tivity until they come into contact with the opening of the archegonium or female organ, which they enter, and thus fructify the germ of the new plant. Pringsheim describes the process by which the spermatozoa enter the archegonium as a very peculiar twisting motion, due to the action of the mucus or protoplasm of the germ-cell. He has seen a large number of spermatozoa enter a single cell, forming a kind of chain.
In describing these curious bodies, of the connection of which with the vegetable kingdom there is no room for doubt, one is irresistibly reminded of these lowly forms of animal life known as Amœba and Gromia, consisting apparently of shapeless masses of protoplasm possessing indeed far more restricted powers of locomotion than the zoospores and spermatozoa, their faculties in this respect being confined to the protrusion and retractation of arms or pseudopodia, by means of which a slow movement is effected. If the possession of consciousness and of a voluntary control over the movements of the body belongs to the animal kingdom even to its lowest forms, it is difficult to frame any cogent reason for denying these faculties to the vegetable organisms which we have been considering. A very interesting problem also presents itself for solution in the almost perfect identity of constitution between these lowest forms of animals and the protoplasmic elements in the constitution of more highly-organized forms. If the Amoebæ and Gromiæ are admitted to be distinct individual animals, the same line of reasoning would almost compel us to admit to the same rank the white corpuscles of the blood of mammalia, which present almost the same characters and possess the same power of protrusion and retractation of a portion of their substance.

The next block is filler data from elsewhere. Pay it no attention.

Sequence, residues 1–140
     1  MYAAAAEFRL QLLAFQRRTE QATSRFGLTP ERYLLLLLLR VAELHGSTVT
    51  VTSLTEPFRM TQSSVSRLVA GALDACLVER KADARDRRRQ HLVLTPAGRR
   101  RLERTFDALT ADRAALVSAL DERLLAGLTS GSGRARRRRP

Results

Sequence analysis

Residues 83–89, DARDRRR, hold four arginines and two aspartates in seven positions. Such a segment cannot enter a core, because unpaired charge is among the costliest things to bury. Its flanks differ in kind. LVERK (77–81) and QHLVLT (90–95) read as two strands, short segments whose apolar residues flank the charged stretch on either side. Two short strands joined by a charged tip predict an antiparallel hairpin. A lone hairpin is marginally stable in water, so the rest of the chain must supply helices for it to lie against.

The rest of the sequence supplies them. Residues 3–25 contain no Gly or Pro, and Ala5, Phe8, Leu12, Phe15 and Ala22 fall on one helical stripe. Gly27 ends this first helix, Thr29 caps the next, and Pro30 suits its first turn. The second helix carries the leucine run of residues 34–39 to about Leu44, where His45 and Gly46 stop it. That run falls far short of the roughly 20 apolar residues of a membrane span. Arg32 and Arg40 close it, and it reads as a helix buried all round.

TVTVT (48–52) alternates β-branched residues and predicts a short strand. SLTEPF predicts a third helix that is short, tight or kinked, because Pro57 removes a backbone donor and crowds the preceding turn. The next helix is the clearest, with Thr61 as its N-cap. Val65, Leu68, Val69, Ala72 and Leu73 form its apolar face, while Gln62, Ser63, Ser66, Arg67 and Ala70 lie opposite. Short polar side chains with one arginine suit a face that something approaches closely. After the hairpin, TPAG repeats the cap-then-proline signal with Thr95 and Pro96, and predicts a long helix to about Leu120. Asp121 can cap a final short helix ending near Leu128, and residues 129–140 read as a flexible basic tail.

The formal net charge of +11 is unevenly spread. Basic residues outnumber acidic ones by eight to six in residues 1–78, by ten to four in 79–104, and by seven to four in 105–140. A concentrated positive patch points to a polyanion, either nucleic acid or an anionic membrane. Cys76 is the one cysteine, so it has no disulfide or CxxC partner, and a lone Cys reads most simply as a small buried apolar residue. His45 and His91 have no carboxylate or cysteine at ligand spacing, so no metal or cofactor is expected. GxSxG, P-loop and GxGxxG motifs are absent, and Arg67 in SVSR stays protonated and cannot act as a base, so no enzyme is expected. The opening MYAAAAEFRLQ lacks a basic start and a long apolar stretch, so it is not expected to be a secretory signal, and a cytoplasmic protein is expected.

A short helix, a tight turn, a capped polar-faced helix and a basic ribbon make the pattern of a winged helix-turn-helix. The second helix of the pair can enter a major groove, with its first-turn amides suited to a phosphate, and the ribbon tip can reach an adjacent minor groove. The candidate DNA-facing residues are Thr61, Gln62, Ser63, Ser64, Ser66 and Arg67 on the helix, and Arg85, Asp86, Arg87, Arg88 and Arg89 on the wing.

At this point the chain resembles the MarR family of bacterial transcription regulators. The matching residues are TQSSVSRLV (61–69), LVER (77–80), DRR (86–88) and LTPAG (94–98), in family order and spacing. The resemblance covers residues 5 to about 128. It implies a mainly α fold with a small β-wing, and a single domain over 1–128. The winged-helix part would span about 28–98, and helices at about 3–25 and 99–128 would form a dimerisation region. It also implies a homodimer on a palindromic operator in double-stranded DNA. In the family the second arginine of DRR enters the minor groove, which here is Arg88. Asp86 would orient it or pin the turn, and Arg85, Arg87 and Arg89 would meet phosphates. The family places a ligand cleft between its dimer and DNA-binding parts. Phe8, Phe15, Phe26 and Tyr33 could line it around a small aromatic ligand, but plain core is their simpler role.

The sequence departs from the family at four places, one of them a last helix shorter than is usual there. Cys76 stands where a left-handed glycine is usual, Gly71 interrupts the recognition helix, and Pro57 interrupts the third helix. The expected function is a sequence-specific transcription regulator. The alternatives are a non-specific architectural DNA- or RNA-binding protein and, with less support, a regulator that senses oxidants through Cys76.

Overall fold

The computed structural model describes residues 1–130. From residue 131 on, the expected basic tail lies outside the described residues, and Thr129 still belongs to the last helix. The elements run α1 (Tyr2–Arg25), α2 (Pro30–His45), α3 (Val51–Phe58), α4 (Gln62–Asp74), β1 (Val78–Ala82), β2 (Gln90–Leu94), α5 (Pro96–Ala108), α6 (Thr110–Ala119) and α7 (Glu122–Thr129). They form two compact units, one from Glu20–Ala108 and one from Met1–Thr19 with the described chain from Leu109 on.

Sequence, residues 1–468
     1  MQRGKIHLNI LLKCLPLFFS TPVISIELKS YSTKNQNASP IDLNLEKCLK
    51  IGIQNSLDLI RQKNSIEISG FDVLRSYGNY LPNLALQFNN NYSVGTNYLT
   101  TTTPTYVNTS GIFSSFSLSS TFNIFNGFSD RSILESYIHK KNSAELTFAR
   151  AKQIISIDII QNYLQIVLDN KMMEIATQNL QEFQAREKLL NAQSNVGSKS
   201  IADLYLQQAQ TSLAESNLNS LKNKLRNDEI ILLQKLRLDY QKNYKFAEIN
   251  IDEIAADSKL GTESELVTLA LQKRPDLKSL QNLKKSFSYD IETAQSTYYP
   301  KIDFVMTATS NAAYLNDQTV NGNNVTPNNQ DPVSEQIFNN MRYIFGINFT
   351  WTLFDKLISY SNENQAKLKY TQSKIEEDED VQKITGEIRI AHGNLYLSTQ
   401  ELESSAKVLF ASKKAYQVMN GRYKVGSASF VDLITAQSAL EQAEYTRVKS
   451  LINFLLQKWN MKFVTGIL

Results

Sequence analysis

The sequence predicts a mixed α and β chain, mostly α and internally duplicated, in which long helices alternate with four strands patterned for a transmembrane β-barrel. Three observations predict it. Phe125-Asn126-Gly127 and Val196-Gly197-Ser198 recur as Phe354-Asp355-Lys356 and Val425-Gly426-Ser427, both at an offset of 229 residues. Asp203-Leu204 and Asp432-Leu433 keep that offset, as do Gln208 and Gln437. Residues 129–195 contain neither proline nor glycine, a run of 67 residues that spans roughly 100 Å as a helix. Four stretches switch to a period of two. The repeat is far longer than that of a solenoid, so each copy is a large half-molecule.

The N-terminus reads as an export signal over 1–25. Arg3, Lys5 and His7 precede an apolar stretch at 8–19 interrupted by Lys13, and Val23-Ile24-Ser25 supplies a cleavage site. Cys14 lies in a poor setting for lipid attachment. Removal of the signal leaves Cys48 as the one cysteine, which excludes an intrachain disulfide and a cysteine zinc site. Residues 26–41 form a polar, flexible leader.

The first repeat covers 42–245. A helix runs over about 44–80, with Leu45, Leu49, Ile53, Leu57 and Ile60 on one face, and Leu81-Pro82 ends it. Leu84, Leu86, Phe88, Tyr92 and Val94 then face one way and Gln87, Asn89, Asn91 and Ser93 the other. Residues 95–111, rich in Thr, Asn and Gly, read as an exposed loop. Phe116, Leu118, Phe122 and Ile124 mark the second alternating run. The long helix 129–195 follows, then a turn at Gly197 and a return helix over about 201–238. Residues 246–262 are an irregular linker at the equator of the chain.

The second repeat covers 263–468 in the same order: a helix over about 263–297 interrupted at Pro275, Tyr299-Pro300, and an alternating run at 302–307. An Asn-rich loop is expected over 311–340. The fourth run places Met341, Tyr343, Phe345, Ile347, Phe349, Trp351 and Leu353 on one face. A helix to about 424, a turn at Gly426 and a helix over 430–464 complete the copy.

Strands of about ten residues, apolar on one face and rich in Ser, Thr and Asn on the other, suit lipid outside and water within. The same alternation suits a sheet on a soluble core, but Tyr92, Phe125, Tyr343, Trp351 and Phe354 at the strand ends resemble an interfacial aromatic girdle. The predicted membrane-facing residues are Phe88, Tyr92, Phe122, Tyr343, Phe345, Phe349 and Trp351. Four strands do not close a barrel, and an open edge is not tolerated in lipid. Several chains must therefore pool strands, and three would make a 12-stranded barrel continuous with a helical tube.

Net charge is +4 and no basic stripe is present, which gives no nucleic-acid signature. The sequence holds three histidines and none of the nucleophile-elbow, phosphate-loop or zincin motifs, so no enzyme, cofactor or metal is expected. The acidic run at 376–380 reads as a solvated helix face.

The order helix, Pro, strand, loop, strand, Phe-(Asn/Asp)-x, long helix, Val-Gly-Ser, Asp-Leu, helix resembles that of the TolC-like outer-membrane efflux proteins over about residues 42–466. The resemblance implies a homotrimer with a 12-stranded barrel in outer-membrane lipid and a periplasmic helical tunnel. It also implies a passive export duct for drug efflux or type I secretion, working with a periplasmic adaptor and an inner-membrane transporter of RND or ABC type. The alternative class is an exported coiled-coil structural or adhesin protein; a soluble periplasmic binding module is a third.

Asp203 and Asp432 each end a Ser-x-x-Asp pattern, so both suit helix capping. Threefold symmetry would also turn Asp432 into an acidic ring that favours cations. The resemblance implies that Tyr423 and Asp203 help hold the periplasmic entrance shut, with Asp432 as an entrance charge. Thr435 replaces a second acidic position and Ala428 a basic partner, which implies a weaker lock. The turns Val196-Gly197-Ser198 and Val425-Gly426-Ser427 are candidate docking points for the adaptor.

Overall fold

The instances above cited illustrate the faculty of spontaneous motion possessed by detached portions of protoplasm endowed with the power of forming themselves into new individuals. This phenomenon appears, however, to be but a form of the property possessed by all protoplasm, of constant motion in some form or other. The circulation of the protoplasmic mucous fluid within the cells of plants is one of the most beautiful phenomena of vegetable life revealed by the microscope, and one of which the explanations at present offered appear quite inadequate. A favorite object for exhibiting this circulation or rotation is formed by the jointed hairs which cover the stamens of the Virginian spider-wort (Tradescantia Virginica). The movement is rendered visible by the presence, in the otherwise colorless fluid, of minute opaque granules of chlorophyll or other coloring-matter; and is observable with great ease in the semi-transparent tissue of certain water-plants, as Chara, or the Valisneria commonly grown in fresh-water aquariums. It consists of a slow movement of the protoplasmic fluid up one side of the cell, across the ends, and down the other side; not perpendicularly, but in an oblique or spiral course. The subject has been carefully investigated by three French physiologists, M.M.